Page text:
The best scuba diving regulators in 2018



Today we bring you a review of the best scuba diving regulators in 2018, with interesting releases and new versions of some of the best and most popular diving regulators of the last 10 years.  

 

This review, conducted by Mark 'Crowley' Russell, collaborator of the prestigious diving magazine Dive Magazine, splits the review into two types of regulators according to the use and experience of the diver. On the one hand, we have those regulators for recreational diving under no extreme conditions for divers who have a limited budget. On the other regulators for diving with different environmental conditions (especially in cold water) and for deep dives.  

 

At the end of this article you will see some advices when buying your diving regulator, some terminology applied to better understand which regulator to buy according to the use, as well as how each component of the regulator works. 

 

Regulators for all types of diving

We are not talking about cheap regulators, is more related to regulators that are going to be used in recreational diving or that are great as a first regulator purchase. We are talking about all-terrain regulators, super robust and not too expensive, adapted for beginner divers with limited budget.

 

Aqualung Core Supreme

from USD 500

Aqualung's most basic regulator, ideal for beginners, would be the Calypso, with its unbalanced piston design, very popular among diving centers for its strength, ease of maintenance and that can be found for just USD 250. But for divers who are looking to buy a regulator with a wider range of options we recommend the Aqualung Core Supreme. It has a balanced diaphragm first stage (at the end of this post you will understand what it means and its importance) with Aqualung's automatic closing device (ACD) that seals the regulator when it's removed from the tank, gaining in durability by preventing water or residues from entering. It has pre-angled ports to better connect the hoses. Both the first and the second stage are suitable for cold waters.

 

 

Aqualung core supreme Regulator

 

 

Atomic Aquatics Z2

desde USD 439

The 'Z' of this Atomic Aquatics Z2 refers to the Zirconium used on the bronze body of the first stage of the regulator, designed to provide greater resistance to corrosion. The first compensated stage features Atomic's "Jet Seat" technology, with two HP (High Pressure) and seven LP (Low Pressure) outputs, more than most regulators, with LP outputs located on a fixed lid instead of in the rotating body, which allows more options when installing the hoses.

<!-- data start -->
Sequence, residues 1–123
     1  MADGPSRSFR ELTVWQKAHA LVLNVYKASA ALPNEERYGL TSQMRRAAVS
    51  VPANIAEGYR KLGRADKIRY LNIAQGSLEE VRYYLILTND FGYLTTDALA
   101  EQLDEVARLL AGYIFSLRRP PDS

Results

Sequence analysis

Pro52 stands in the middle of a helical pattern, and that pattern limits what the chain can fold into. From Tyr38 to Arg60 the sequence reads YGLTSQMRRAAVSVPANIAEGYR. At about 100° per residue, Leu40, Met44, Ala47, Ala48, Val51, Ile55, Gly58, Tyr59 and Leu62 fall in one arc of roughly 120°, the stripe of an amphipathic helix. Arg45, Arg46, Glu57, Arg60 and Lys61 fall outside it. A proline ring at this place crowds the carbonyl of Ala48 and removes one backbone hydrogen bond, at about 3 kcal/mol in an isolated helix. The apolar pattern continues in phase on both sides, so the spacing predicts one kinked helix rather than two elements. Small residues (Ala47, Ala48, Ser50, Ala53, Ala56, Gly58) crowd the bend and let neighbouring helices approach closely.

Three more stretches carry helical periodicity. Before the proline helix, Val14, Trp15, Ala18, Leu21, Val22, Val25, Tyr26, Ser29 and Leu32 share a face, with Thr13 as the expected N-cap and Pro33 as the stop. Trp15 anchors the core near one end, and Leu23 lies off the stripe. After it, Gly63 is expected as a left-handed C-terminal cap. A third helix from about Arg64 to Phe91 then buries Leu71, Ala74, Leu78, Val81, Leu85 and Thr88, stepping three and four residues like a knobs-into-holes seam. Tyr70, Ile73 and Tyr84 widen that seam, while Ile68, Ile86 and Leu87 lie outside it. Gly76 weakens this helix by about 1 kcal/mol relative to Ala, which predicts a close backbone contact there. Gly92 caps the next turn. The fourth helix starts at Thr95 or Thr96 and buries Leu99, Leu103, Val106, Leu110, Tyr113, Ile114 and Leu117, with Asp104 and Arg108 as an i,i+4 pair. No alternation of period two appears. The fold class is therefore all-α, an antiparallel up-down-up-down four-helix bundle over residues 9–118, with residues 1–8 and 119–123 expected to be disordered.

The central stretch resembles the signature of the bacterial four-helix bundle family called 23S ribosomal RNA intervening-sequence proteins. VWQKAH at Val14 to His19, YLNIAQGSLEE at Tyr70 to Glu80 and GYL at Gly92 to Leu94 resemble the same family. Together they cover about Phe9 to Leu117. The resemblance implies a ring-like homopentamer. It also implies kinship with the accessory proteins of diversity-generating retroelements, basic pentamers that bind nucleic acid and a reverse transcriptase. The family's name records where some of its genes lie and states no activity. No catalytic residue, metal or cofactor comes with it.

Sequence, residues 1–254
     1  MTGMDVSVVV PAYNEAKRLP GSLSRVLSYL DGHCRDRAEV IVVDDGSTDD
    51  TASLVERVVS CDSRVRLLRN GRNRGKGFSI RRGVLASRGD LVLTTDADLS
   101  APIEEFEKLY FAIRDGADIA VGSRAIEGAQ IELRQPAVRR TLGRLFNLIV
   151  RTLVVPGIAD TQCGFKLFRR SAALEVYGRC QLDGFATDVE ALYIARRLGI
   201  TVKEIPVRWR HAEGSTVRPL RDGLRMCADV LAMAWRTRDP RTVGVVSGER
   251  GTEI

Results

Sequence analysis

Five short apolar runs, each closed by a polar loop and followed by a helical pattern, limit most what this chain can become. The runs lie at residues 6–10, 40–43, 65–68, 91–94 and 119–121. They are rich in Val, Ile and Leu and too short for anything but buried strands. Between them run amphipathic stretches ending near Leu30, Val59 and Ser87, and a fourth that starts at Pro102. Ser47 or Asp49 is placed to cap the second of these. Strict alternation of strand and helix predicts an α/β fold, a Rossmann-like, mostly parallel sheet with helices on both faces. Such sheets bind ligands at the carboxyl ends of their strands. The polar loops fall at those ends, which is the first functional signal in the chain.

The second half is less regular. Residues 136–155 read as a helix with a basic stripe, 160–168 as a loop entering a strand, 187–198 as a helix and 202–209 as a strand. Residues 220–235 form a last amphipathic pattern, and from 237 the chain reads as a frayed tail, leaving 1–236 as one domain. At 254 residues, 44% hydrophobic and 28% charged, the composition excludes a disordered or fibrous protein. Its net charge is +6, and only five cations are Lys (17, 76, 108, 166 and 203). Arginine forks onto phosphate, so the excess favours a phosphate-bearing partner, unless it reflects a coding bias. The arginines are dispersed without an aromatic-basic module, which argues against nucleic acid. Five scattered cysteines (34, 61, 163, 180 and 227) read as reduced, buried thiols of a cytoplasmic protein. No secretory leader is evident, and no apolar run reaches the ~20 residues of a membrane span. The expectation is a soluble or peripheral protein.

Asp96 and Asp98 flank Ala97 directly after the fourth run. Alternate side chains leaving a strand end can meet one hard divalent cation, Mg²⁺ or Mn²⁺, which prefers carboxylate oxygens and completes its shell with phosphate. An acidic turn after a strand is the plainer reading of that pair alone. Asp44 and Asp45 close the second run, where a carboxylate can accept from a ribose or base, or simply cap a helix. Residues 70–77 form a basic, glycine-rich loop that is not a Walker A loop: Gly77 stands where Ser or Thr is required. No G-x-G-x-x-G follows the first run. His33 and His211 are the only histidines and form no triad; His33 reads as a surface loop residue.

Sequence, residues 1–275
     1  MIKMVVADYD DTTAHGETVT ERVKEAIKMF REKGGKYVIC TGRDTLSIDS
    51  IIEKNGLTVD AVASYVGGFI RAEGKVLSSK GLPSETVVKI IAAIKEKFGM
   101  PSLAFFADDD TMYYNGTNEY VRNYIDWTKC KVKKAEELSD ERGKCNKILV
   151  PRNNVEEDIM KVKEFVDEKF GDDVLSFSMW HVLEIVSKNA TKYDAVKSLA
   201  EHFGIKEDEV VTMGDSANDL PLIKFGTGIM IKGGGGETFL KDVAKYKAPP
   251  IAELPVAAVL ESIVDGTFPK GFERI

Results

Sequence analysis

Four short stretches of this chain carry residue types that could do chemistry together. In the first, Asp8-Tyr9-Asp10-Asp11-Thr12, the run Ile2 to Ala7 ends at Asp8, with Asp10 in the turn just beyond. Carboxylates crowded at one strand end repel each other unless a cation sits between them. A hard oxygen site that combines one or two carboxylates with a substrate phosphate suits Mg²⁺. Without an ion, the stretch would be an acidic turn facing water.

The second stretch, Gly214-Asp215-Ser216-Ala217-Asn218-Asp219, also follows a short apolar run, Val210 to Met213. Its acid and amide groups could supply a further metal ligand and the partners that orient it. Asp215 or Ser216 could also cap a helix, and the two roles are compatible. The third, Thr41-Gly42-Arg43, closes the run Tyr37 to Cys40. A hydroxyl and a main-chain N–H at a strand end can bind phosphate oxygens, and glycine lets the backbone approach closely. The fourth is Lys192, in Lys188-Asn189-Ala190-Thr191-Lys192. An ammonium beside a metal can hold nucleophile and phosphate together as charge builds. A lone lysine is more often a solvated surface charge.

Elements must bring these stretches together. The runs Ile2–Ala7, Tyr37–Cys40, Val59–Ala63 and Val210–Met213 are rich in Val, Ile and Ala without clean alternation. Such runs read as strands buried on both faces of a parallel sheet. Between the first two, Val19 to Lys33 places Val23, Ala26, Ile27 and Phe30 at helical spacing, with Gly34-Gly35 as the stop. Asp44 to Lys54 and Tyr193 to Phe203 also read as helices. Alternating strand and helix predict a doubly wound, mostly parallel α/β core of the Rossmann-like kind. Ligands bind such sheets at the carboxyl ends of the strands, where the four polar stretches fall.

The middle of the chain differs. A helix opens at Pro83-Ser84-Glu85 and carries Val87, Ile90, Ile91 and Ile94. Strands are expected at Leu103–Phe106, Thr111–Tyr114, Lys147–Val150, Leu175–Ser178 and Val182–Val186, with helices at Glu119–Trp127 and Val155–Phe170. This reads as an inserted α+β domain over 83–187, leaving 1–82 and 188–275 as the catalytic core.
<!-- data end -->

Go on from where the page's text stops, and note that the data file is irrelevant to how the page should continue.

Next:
advertising



 

The second stage is balanced and presents Atomic's patented automatic flow control for a much easier breathing. The titanium orifice for the seat in the second stage reduces valve wear, extending the life span and durability of this regulator to a minimum of 300 dives as long as you take care of it and keep it in good condition, of course.

 

scuba diving regulator Atomic Aquatics Z2

 

 


Mares Rover 15X

from USD 299 €

The Mares Rover scuba diving regulator comes in two formats with identical very compact second stages, but they differ in the first stage. The Rover 2S is the favorite rental regulator of many diving schools, with an unbalanced first stage combination that costs only around USD 120. The Rover 15X is somewhat more expensive, but with a balanced first stage that makes it suitable for a wider range of conditions and types of diving.

  

The pre-orientated 2 HP and 4 LP outputs provide some flexibility to the configurations of the hoses, while the patented technology of Mares helps these regulators have greater durability and better air flow control, with the mesh grid of the second stage also included.

 

Cold water kits can be purchased separately but remember that they have to be installed by a certified technician.

 


Mares Rover scuba diving regulator

 

 


Scubapro MK11 / C370

from USD 465

The Scubapro MK2 / R195 combo is probably the most widely used rental regulator set in the world, and with a retail price of just USD 199, a decent choice for entry-level divers on a tight budget. But we bring you the new MK11, along with the new multi-purpose C370 second stage that offers much more for the diver in terms of performance and is not much more expensive.

 

The balanced diaphragm design of the MK11 is suitable for cold water diving, with two of the four LP outputs of high-flux LP, providing 15% more air than the others. The second stage of the C370, with balanced diaphragm also, has been designed to be compact and light, but very resistant. Along with The MK11, with a weight of 490 g, and the C370 of only 171 g, this combination is one of the lightest available and is excellent for your diving trips.

 

Scuba Diving regulator Scubapro MK11

 

 


Seac P-Synchro

from USD 219

This regulator of the Italian company SEAC is designed for beginners and the intensive use of regulators in diving centers. It is sold as what it is: cheap, reliable, safe, robust and simple. Exactly what diving centers look for in their regulators.

 

The first stage, made in chromed brass, uses ultralight technopolymers and, unlike other equipment intended for rental, has a balanced membrane design. It is a basic but robust regulator. A decent option for very tight budgets but that falls short if we use it intensively and travel regularly.

 

Seac Sub P Synchro diving regulator

 

 
 

TUSA RS-1001

from USD 399

The latest addition of Tusa to its range of regulators, the R-1000 with balanced first stage, is a compact and lightweight diving regulator, suitable for cold water. Two of the four LP outputs are high flow, and provide 15% more air per breath. The unbalanced second stage S-0001 has a compact design with both left and right settings and a special design in the mouthpiece to reduce jaw fatigue.